The NFL is the only sports league that delivers all of its games – regular-season and playoffs – on free, over-the-air television. (ESPN's Monday night and NFL Network's Thursday night cable games are required by contract to be carried on over-the-air, broadcast stations in the cities of the participating teams, subject to local blackout rules).

CBS will televise the American Football Conference package of Sunday afternoon games that it acquired in 1998. CBS first began televising NFL games in 1956 and carried the NFC package from 1970 through 1993.

FOX will continue with the National Football Conference package of Sunday afternoon games that it acquired in 1994.

NBC will again carry the Sunday Night Football package of primetime games that it acquired in 2006. NBC will continue to televise the Thursday night NFL season Kickoff game to open each season and will add the annual Thanksgiving primetime game starting in 2012.

Flexible scheduling – which ensures quality matchups in all NFL Sunday time slots and gives teams a chance to play their way onto primetime on NBC and into the late-afternoon 4:15 PM ET time slot on CBS and FOX – remains a viewer-friendly element of the network broadcast agreements. It will be expanded in 2014, including the ability to move games between CBS and FOX to bring regional games to wider audiences. Further details on enhanced flexible scheduling will be developed with the networks.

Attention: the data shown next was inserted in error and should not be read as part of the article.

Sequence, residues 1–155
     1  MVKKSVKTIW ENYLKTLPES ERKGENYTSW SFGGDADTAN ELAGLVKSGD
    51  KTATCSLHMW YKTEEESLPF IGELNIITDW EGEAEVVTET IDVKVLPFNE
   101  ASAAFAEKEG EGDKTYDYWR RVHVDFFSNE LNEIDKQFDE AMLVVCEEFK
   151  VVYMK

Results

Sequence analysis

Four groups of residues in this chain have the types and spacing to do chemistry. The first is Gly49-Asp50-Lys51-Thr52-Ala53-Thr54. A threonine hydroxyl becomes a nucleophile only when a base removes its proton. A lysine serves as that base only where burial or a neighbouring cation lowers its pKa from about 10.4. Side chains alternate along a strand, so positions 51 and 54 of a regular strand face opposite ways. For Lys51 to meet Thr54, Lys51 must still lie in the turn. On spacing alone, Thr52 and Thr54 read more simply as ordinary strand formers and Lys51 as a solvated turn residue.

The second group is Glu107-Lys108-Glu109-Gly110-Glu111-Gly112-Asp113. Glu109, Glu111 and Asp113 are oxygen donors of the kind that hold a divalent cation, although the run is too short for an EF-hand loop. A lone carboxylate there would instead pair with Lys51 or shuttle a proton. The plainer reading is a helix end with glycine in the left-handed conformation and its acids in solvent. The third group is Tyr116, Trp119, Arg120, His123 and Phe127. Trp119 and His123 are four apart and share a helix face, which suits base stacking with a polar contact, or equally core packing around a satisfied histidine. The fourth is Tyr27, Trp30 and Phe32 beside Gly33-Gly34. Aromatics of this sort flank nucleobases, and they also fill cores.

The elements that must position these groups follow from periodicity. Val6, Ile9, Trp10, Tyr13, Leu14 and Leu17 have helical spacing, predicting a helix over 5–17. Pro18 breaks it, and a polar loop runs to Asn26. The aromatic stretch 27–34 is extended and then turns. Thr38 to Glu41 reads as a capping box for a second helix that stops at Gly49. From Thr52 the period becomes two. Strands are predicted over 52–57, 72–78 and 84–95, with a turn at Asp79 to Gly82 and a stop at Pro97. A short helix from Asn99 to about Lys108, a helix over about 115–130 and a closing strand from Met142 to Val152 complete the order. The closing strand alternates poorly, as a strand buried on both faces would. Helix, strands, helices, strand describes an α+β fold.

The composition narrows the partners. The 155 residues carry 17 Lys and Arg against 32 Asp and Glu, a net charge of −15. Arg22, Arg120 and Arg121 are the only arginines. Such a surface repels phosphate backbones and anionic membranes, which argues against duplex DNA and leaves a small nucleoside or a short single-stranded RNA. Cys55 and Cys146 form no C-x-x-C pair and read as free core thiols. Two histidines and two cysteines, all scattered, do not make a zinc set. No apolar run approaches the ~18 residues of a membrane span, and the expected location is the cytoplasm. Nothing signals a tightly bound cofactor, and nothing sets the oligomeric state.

CBS, FOX and NBC will each televise three Super Bowls during the term of the agreements, continuing the current rotation. NBC will carry Super Bowl XLIX (49) in Glendale, Arizona in 2015, Super Bowl LII (52) in 2018 and Super Bowl LV (55) in 2021. CBS will broadcast Super Bowl L (50) in 2016, Super Bowl LIII (53) in 2019 and Super Bowl LVI (56) in 2022. FOX will televise Super Bowl LI (51) in 2017, Super Bowl LIV (54) in 2020 and Super Bowl LVII (57) in 2023.

"These agreements underscore the NFL's unique commitment to broadcast television that no other sport has," Commissioner Goodell said. "The agreements would not have been possible without our new 10-year labor agreement and the players deserve great credit. Long-term labor peace is allowing the NFL to continue to grow and the biggest beneficiaries are the players and fans."

Commissioner Goodell said NFL fans should expect ongoing innovation from the NFL and its TV partners.

"CBS, FOX and NBC have served NFL fans with the highest-quality television production," Commissioner Goodell said. "The networks will continue their outstanding coverage of the NFL while also helping to deliver more football to more fans using the best and most current technology."